contact angle : (a) Water at 60C: 9640 N/m3, 0:

or: htrue = 15.0 2.75 cm 12.25 cm (+2% error) Ans. (a) (b) Mercury at 60C: 132200 N/m3,
130:

1.6 A thin wire ring, 3 cm in diameter, is lifted from a water surface at 20C. What is the lift force
required? Is this a good method? Suggest a ring material.
Solution: In the literature this ring-pull device is called a DuNouy Tensiometer. The forces are very
small and may be measured by a calibrated soft-spring balance. Platinum-iridium is recommended
for the ring, being noncorrosive and highly wetting to most liquids. There are two surfaces, inside
and outside the ring, so the total force measured is
This is crudecommercial devices recommend multiplying this relation by a correction factor f =
O(1) which accounts for wire diameter and the distorted surface shape. For the given data, Y
0.0728 N/m (20C water/air) and the estimated pull force is
For further details, see, e.g., F. Daniels et al., Experimental Physical Chemistry, 7th ed., McGraw-
Hill Book Co., New York, 1970.
1.67 A vertical concentric annulus, with outer radius ro and inner radius ri, is lowered into fluid of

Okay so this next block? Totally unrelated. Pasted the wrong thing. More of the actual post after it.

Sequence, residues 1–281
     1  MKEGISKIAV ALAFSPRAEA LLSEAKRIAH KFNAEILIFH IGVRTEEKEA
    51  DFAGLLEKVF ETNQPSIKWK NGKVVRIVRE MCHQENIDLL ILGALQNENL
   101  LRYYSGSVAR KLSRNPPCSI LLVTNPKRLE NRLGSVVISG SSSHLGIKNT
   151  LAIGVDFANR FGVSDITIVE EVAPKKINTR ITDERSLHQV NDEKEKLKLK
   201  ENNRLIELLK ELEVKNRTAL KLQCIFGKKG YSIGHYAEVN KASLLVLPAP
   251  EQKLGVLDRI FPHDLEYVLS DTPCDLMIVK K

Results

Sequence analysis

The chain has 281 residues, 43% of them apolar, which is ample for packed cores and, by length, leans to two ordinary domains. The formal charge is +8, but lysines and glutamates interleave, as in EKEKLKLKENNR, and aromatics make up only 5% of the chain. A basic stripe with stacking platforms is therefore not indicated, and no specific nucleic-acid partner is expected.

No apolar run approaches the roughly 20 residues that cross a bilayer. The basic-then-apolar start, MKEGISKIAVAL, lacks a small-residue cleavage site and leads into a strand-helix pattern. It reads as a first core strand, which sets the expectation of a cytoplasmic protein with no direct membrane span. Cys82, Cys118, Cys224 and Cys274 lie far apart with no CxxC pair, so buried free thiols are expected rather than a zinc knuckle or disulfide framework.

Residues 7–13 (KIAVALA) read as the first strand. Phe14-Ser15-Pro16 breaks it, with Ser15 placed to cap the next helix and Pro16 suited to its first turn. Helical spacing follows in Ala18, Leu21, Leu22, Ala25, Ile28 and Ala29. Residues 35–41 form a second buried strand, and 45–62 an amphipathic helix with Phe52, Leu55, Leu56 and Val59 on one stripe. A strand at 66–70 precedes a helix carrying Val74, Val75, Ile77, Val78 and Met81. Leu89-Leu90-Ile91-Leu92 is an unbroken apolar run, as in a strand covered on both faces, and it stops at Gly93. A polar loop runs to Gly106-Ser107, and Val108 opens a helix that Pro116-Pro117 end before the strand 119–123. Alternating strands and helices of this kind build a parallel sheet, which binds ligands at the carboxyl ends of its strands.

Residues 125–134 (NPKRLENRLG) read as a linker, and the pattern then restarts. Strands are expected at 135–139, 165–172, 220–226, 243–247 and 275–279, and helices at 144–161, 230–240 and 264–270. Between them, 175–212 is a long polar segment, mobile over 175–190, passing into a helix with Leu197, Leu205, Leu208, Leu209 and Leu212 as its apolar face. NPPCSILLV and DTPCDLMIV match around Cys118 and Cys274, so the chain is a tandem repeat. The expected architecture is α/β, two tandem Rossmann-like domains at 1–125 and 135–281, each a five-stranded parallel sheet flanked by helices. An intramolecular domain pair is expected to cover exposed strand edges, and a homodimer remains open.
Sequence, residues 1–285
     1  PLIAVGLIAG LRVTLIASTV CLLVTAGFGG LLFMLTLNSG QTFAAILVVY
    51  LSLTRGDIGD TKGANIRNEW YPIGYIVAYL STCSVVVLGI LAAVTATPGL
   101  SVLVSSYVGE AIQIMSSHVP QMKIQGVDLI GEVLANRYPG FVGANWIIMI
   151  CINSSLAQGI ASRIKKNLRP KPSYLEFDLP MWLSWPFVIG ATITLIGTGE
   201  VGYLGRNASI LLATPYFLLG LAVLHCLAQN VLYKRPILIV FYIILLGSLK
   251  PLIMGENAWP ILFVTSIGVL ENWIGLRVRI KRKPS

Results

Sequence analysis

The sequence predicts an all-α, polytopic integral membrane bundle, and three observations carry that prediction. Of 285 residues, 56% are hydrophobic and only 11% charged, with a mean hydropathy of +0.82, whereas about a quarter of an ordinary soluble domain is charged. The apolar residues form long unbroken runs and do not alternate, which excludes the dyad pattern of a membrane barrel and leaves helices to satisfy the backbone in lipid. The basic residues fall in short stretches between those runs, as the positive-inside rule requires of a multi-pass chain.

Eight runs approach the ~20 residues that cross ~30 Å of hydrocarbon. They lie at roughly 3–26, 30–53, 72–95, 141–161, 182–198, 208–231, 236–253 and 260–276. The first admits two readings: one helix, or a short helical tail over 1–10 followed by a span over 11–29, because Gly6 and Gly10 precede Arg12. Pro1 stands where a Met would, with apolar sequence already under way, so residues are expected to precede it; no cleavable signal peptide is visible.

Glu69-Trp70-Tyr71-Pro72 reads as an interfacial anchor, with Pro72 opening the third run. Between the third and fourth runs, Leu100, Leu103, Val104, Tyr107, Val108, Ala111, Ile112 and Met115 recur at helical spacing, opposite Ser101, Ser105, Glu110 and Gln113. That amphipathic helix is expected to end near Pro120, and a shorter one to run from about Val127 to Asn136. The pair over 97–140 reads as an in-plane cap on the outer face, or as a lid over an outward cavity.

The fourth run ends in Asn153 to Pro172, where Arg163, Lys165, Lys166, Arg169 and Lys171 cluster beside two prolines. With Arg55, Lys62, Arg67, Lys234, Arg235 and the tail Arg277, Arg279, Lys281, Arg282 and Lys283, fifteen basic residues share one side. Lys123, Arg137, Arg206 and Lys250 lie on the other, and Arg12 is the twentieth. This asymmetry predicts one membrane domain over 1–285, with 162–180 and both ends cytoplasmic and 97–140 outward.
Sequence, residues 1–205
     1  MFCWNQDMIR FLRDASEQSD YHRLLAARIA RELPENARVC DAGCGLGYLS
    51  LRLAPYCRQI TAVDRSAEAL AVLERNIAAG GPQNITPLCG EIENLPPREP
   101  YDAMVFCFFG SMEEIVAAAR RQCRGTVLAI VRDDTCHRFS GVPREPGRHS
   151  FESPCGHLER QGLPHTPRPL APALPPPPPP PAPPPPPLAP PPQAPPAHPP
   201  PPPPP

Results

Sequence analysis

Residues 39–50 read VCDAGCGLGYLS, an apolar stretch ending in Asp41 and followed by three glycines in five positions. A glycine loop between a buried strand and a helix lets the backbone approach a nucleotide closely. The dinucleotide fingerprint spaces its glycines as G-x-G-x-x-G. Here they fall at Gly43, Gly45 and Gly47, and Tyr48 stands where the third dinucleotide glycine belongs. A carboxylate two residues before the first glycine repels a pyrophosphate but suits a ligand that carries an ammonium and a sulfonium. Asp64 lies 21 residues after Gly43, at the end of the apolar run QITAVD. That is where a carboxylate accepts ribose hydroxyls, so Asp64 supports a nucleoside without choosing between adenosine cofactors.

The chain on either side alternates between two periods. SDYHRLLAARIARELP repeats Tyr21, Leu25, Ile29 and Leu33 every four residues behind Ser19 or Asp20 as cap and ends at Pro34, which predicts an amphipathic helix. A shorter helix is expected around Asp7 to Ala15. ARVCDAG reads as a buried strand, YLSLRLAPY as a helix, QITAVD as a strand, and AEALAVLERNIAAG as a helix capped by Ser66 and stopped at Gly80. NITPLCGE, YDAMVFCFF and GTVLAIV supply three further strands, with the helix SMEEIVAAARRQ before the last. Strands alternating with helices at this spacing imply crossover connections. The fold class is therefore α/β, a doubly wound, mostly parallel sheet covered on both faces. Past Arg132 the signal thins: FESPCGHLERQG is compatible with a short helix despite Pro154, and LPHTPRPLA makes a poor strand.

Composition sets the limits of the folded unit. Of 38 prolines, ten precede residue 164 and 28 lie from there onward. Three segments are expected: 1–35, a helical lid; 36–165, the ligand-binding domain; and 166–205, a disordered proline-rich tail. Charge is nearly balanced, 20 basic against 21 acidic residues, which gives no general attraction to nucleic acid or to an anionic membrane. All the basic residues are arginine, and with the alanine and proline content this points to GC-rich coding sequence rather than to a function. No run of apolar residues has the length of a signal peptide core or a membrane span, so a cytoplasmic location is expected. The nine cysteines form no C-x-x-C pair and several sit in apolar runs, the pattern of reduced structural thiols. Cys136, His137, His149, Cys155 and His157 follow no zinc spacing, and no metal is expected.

surface tension Y and contact angle < 90. Derive an expression for the capillary rise h in the
annular gap, if the gap is very narrow.
Chapter 1 Introduction 37

Solution: For the figure above, the force balance on the annular fluid is

Cancel where possible and the result is
1.68* Analyze the shape (x) of the water-air interface near a wall, as shown.

pressure difference across the interface is
p g, with a contact angle at x = 0 and a horizontal surface at x = . Find an

Solution: This is a two-dimensional surface-tension problem, with single curvature. The surface
tension rise is balanced by the weight of the film. Therefore the differential equation is

This is a second-order differential equation with the well-known solution,
To keep from going infinite as x = , it must be that C1 = 0. The constant C2 is found from the
maximum height at the wall:

Meanwhile, the contact angle shown above must be such that, dc ot cot)hK,thus h